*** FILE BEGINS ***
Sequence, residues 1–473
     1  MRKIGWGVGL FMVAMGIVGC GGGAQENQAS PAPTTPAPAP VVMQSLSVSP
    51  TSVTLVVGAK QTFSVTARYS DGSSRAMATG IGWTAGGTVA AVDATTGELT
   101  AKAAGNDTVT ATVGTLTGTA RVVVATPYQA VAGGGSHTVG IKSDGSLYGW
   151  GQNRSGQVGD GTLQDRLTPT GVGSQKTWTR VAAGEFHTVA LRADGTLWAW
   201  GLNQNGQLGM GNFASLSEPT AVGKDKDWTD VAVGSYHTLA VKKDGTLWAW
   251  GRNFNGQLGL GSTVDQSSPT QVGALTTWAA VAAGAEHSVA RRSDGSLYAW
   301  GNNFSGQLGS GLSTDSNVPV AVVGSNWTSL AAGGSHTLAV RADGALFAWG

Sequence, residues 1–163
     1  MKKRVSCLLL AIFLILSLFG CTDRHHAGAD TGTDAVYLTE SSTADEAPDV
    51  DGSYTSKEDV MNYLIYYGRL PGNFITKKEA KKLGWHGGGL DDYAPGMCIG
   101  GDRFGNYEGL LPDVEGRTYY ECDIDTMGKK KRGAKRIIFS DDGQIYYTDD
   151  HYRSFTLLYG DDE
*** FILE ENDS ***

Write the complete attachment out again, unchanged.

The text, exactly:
Sequence, residues 1–473
     1  MRKIGWGVGL FMVAMGIVGC GGGAQENQAS PAPTTPAPAP VVMQSLSVSP
    51  TSVTLVVGAK QTFSVTARYS DGSSRAMATG IGWTAGGTVA AVDATTGELT
   101  AKAAGNDTVT ATVGTLTGTA RVVVATPYQA VAGGGSHTVG IKSDGSLYGW
   151  GQNRSGQVGD GTLQDRLTPT GVGSQKTWTR VAAGEFHTVA LRADGTLWAW
   201  GLNQNGQLGM GNFASLSEPT AVGKDKDWTD VAVGSYHTLA VKKDGTLWAW
   251  GRNFNGQLGL GSTVDQSSPT QVGALTTWAA VAAGAEHSVA RRSDGSLYAW
   301  GNNFSGQLGS GLSTDSNVPV AVVGSNWTSL AAGGSHTLAV RADGALFAWG

Sequence, residues 1–163
     1  MKKRVSCLLL AIFLILSLFG CTDRHHAGAD TGTDAVYLTE SSTADEAPDV
    51  DGSYTSKEDV MNYLIYYGRL PGNFITKKEA KKLGWHGGGL DDYAPGMCIG
   101  GDRFGNYEGL LPDVEGRTYY ECDIDTMGKK KRGAKRIIFS DDGQIYYTDD
   151  HYRSFTLLYG DDE